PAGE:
- 2015 Federal Election
Running back to saskatoons
Little did I know, as a prairie child picking berries, that I was launching a lifelong love of saskatoons.
So yummy, juicy and cool were they, half the haul never made it home to mother’s kitchen.
Late July to early August is time to gather this most abundant indigenous fruit.
In a good year, one can freeze enough blue-black berries to last through winter, and saskatoon syrup is like a splash of fresh fruit at Christmastime.
Aboriginal groups valued this prolific wild plant above all others, pruning, weeding and tending with great care. A member of the rose family, saskatoon (Amelanchier alnifolia) was a main ingredient in pemmican.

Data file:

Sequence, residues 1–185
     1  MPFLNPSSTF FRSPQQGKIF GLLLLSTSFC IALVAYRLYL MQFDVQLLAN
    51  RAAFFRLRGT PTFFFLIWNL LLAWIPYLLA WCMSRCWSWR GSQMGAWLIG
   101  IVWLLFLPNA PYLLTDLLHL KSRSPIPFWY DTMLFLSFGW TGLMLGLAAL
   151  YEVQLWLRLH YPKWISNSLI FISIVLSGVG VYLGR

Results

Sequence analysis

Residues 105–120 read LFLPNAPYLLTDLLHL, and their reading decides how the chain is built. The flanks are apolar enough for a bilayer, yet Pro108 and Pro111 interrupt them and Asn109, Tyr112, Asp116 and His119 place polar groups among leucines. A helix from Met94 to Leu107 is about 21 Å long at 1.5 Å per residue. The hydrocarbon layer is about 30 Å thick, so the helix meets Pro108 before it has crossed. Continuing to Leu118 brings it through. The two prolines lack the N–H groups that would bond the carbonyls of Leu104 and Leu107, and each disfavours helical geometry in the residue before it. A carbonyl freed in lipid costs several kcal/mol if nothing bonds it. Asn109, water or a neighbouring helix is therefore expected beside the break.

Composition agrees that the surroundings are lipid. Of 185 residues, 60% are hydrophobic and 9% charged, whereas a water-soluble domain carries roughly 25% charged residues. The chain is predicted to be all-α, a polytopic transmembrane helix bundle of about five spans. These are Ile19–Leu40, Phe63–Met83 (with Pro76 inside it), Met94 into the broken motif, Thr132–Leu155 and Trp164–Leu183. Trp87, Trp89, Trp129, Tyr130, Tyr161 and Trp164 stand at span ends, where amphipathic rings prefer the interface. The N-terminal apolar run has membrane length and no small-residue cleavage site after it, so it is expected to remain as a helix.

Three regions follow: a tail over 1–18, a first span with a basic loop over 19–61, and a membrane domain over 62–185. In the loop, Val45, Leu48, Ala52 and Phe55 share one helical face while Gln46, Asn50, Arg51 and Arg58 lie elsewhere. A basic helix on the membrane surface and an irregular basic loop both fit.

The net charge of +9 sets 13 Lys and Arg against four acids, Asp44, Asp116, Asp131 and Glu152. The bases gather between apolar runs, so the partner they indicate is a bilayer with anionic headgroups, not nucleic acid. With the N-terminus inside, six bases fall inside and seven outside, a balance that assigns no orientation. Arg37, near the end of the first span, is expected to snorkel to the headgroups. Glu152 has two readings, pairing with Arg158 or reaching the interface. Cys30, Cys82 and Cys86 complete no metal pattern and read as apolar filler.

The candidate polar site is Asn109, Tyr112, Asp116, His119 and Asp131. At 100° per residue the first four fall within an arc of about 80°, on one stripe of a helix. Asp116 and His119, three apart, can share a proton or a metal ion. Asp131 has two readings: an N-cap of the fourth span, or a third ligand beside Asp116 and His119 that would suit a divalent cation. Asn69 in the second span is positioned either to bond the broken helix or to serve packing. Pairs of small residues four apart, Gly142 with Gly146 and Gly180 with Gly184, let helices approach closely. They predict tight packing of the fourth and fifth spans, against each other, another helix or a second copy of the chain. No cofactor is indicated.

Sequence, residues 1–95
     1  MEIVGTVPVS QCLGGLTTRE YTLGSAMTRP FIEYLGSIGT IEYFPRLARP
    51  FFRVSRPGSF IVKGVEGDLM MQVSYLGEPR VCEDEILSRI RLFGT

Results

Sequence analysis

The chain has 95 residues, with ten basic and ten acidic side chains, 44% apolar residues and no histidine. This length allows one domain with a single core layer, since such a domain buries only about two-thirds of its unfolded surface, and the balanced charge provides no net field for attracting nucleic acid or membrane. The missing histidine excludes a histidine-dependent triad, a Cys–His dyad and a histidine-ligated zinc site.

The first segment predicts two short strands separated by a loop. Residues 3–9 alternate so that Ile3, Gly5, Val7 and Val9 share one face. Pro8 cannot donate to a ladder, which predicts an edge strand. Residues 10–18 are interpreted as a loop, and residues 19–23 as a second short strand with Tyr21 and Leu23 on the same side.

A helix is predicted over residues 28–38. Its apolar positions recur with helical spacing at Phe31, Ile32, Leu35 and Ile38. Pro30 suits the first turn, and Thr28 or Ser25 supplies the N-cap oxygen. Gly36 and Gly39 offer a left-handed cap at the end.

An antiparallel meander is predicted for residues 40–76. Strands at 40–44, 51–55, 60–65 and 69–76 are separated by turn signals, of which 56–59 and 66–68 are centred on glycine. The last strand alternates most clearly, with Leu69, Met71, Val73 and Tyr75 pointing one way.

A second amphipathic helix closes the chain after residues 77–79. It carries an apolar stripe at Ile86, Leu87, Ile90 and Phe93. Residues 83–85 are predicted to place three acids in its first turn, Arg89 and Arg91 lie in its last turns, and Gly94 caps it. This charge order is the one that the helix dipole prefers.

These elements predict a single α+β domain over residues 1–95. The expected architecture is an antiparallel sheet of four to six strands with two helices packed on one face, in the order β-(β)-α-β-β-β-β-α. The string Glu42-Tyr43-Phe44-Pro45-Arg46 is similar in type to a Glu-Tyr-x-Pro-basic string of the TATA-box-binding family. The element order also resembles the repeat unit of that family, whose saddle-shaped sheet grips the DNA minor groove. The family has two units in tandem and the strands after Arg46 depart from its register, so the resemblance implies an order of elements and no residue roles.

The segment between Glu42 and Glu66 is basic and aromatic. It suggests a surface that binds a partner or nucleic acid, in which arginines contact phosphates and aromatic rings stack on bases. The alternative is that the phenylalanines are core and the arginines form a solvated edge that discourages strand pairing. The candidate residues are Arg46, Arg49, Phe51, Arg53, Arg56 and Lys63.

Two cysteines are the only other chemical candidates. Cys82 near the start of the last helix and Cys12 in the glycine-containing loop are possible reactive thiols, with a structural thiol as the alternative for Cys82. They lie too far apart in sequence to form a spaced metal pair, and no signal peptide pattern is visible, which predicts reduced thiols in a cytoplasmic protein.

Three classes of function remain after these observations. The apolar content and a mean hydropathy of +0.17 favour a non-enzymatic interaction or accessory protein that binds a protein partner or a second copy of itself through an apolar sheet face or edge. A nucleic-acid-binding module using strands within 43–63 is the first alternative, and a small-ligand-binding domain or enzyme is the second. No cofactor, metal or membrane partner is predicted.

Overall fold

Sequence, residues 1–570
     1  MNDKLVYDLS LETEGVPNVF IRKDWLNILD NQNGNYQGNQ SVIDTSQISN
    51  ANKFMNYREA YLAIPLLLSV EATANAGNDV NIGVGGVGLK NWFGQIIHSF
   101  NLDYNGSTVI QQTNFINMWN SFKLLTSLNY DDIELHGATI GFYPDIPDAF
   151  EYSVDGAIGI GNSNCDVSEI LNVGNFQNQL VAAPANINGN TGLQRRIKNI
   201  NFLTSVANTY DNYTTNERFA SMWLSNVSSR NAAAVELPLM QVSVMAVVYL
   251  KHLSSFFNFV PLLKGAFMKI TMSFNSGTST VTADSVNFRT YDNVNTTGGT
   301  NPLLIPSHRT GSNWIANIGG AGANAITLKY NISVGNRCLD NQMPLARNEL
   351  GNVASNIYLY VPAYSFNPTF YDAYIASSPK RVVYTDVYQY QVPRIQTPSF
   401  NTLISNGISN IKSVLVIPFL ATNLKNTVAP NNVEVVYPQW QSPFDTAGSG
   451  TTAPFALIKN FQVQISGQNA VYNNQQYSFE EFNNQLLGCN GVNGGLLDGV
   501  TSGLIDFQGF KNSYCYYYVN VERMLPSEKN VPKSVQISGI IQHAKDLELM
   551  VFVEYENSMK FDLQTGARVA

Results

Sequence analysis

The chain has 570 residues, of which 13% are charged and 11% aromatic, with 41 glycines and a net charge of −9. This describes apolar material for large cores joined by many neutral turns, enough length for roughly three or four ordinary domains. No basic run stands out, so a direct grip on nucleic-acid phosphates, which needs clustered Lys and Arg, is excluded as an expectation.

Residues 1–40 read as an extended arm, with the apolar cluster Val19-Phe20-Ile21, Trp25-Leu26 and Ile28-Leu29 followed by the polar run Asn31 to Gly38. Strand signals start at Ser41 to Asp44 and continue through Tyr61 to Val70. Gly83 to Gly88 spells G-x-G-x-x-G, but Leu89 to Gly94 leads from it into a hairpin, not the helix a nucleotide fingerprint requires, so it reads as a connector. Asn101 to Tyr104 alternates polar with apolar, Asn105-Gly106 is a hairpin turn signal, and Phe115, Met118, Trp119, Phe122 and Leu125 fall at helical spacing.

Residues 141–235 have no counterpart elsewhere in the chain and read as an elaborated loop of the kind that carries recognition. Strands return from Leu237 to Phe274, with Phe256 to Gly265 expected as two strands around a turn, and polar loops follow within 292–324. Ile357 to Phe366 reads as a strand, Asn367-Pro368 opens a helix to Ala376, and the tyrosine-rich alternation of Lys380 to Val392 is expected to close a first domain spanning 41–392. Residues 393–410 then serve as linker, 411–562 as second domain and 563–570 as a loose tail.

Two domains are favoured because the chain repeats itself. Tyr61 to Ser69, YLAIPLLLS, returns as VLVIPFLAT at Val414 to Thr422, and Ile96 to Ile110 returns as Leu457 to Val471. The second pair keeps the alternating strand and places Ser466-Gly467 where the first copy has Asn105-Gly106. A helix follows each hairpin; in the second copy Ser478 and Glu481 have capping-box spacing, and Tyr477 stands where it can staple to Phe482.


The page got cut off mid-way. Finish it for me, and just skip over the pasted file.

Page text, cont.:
The name saskatoon derives from the Cree “Mis-sask-qua-too-mina”; the city was named for the fruit.
For thousands of years, the berries were sun-dried whole or made into fruit leather for winter nourishment.
The fruit itself is a berry-like pome, resembling a blueberry in colour and size.
When rains are plentiful, the berry grows larger, to a robust 15 mm (.6 inch) diameter. The plant is easily propagated, offering gardeners white spring blossoms, summer fruit and scarlet autumn colour.
Americans from northwest and north-central U.S. may not be familiar with saskatoons, but know the same plant as Pacific serviceberry, juneberry or shadbush. Thousands of acres are cultivated in Saskatchewan, selling for about $5 a litre.
Rich in antioxidants, vitamins, calcium, iron and fibre, saskatoons are touted as the “new super fruit,” albeit one that sustained North American aboriginal people for millennia.
For saskatoon recipes, e-mail Christine at firstname.lastname@example.org